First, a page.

You can spread your effort across multiple platforms so income isn’t solely Google-related. Email marketing campaigns are still quite effective. Plus plenty of social media platforms also provide effective tools advertising purposes.
The key to removing Google from your life is finding good Google alternatives. You can even switch to more privacy-friendly YouTube alternatives, although you might miss your favorite YouTubers’ weekly uploads. I’ve put together a list of privacy-friendly options to use instead of Google products.
Browsers & Search Engines
- Brave: This privacy-focused browser is free to download and use. Unlike Google, Brave doesn’t store records of your browsing history or offer politically biased search results. It blocks cross-site trackers, fingerprinting, invasive ads, and third-party cookies.
- Opera: Opera takes private browsing to the next level with tracker blocking, highly customizable privacy features, and a built-in VPN. It uses a strong encryption standard to protect your data while you browse.
- Firefox: Mozilla’s browser offers Enhanced Tracking Protection to prevent hidden trackers from collecting your data or slowing down your browsing.
- Tor: Often confused with the dark web, Tor is an ultra-private search engine that’s often used to access the Dark Web. However, the price you pay for privacy is an ultra-slow browsing experience.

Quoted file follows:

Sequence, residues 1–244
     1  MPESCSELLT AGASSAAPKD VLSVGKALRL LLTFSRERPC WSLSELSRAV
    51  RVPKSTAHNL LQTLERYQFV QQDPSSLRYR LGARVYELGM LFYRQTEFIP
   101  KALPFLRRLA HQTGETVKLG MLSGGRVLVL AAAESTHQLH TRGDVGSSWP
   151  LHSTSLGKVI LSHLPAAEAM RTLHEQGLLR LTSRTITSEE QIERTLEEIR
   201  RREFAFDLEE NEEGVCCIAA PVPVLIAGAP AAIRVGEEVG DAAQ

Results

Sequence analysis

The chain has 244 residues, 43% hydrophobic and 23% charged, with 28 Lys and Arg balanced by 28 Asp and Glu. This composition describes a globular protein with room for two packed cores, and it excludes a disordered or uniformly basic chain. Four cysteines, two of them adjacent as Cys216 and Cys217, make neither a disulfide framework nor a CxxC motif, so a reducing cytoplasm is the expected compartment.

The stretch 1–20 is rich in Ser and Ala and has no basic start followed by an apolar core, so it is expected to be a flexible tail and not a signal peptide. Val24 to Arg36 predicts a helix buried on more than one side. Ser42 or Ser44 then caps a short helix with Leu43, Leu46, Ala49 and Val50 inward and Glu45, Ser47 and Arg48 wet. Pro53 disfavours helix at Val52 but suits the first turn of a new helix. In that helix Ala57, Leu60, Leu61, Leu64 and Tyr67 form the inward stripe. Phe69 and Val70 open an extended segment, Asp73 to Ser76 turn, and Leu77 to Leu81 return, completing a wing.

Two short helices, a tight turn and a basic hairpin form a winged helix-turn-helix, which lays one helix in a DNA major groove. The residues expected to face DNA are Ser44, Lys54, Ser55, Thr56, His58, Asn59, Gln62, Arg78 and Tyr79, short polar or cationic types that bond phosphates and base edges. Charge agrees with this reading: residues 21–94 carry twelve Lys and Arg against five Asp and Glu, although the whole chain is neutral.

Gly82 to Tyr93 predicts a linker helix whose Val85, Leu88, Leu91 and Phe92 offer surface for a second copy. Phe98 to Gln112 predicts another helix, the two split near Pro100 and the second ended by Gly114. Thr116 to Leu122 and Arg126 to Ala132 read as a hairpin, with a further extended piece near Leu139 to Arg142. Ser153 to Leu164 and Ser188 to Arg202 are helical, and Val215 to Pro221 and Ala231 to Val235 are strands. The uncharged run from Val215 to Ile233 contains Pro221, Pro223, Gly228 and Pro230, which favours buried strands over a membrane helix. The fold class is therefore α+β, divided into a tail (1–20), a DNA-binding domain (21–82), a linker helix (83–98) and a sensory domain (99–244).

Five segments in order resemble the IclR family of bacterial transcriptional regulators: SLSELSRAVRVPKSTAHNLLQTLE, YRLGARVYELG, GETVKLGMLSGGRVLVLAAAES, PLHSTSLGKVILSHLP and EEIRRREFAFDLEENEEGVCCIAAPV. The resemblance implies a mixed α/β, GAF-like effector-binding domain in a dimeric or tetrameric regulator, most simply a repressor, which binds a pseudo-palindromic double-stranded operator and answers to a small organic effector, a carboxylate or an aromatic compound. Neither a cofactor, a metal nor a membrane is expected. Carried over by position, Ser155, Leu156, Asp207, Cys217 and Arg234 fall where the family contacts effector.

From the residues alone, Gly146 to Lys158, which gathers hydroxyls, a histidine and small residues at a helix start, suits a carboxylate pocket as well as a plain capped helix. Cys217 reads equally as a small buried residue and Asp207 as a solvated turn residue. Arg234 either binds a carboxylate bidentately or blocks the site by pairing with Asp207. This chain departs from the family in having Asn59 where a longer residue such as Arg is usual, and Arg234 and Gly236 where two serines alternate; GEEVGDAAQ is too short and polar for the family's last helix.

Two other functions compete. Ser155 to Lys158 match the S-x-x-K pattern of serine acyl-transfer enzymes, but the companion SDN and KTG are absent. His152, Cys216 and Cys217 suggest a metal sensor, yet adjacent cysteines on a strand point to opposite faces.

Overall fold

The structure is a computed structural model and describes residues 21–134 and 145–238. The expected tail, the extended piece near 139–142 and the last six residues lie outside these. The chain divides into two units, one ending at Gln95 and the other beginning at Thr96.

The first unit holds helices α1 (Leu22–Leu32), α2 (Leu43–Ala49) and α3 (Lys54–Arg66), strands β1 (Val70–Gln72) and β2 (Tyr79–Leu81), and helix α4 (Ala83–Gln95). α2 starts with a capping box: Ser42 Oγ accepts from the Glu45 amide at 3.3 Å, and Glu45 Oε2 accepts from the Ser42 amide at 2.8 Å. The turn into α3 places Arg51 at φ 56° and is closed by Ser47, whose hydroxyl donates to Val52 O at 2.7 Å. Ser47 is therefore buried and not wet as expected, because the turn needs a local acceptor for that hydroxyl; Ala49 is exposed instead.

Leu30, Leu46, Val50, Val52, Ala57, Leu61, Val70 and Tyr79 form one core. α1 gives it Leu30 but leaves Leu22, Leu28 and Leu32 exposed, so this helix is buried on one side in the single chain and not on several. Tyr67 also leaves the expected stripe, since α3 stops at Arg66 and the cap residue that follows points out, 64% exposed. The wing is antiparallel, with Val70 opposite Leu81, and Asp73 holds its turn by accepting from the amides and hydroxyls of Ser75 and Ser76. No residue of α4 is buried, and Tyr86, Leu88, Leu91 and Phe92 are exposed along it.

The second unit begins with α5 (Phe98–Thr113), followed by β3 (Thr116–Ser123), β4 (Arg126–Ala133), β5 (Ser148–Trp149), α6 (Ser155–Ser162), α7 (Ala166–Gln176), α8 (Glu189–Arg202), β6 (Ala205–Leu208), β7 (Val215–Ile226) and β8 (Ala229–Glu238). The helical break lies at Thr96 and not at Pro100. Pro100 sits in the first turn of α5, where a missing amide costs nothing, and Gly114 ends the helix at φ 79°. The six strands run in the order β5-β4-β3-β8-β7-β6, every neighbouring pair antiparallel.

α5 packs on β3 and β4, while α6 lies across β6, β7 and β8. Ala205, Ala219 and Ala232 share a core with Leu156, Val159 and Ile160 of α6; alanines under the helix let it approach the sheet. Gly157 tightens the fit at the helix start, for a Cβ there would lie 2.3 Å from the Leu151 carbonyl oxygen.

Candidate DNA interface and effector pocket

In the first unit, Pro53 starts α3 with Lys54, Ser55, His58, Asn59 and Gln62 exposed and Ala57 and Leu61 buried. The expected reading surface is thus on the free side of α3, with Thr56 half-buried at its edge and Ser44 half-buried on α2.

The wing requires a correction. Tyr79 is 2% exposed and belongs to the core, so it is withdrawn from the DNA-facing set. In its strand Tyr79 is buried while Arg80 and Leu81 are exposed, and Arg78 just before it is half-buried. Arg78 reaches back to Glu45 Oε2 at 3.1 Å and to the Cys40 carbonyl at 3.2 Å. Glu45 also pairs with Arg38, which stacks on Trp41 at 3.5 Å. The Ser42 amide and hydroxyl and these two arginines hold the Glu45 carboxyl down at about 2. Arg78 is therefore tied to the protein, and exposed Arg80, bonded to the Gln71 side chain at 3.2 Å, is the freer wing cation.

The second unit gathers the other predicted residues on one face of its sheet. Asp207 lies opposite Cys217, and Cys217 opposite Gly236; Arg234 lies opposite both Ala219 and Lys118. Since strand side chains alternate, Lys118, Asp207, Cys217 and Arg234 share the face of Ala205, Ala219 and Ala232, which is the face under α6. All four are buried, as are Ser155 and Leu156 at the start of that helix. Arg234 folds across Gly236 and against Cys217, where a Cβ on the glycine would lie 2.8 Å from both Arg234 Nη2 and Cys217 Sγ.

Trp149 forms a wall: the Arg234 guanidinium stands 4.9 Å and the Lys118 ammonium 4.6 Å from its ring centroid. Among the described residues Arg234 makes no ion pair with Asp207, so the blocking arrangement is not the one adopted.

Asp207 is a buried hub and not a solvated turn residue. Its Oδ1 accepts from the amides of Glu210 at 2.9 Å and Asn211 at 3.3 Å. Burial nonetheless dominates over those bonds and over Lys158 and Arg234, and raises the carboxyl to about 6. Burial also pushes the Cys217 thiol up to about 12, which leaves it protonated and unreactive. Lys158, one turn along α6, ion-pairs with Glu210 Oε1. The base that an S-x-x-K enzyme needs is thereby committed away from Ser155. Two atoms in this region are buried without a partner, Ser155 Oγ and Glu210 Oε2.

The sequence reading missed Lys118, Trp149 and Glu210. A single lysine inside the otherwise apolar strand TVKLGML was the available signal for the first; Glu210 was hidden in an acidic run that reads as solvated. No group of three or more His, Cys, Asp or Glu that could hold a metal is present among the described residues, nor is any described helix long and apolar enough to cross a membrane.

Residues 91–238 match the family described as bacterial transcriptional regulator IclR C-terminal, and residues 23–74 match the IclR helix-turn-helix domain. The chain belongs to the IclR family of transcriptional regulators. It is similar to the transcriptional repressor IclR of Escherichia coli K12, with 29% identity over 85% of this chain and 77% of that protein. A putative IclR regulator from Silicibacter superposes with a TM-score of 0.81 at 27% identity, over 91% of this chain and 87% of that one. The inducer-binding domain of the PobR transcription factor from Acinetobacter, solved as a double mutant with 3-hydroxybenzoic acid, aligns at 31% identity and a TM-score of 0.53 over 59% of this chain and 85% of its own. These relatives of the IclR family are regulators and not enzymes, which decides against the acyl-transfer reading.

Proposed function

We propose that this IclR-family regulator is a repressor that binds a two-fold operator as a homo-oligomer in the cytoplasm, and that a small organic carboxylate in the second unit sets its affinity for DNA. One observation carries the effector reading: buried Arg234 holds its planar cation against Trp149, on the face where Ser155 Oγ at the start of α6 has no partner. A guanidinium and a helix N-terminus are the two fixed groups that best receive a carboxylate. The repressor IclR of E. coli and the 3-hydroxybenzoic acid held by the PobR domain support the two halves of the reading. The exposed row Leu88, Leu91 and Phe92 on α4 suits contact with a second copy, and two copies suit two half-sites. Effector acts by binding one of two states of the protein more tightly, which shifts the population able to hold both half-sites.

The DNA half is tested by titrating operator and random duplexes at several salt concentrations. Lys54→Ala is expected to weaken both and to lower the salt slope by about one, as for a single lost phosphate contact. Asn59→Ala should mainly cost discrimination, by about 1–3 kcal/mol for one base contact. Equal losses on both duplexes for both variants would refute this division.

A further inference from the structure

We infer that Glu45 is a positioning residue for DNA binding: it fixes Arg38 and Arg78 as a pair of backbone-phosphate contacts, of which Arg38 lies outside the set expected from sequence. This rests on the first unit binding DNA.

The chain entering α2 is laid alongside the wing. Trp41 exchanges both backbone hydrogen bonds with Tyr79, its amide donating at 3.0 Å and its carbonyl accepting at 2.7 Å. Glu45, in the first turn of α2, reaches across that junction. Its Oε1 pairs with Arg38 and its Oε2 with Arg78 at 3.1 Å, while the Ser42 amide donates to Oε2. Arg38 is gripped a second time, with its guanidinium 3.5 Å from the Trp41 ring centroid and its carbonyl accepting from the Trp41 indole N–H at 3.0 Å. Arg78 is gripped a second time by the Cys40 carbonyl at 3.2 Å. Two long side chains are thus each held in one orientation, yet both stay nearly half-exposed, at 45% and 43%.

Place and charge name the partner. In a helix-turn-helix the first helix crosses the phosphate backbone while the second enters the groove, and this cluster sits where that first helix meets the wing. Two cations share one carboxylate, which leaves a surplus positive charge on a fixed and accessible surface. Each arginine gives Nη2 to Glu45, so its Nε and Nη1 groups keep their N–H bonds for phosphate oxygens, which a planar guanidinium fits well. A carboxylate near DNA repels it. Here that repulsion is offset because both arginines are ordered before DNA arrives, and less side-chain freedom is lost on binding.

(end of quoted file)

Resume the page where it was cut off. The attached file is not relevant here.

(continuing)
Alternatives to Google Maps
- OsmAnd: This offline map and navigation tool enables you to travel while disconnecting from the online world. It has map data for hiking and biking trails and also provides information on altitude and speed.
- HERE WeGo: Compatible with Apple OS and Android, HERE WeGo has 35 years of map-making experience and covers all 195 countries. It provides in-city traffic data and while it does use behavioral advertising, you can switch this off in the settings.
- OpenStreetMap: This open-source mapping project operates on generous data donations. While it’s said to be extremely user-friendly, you can only access it via a standard browser.
- StartMail: An annual StartMail subscription costs $60 and gives you unlimited email accounts. This means you can prevent spam from overwhelming your main email account. It also uses state-of-the-art security solutions to protect your privacy.
- Mailfence: Mailfence uses encryption that’s based on open-source cryptographic fundamentals. It has an excellent reputation and publishes regular transparency reports to keep you in the loop about what’s going on behind the curtains.
- ProtonMail: Founded in Geneva, Switzerland in 2013, ProtonMail uses end-to-end asymmetric encryption to protect emails from snooping.
Google Drive Alternatives
- Dropbox: Dropbox collects metadata about how you use the service, but it encrypts your files with 256-bit AES encryption. However, Dropbox has experienced hacking attacks in the past and has also faced security-related lawsuits. You only get 2 GB of storage with a free account.
- MEGA: This privacy-focused cloud storage service gives you 20 GB of storage — a third more than Google Drive’s 15 GB of free storage.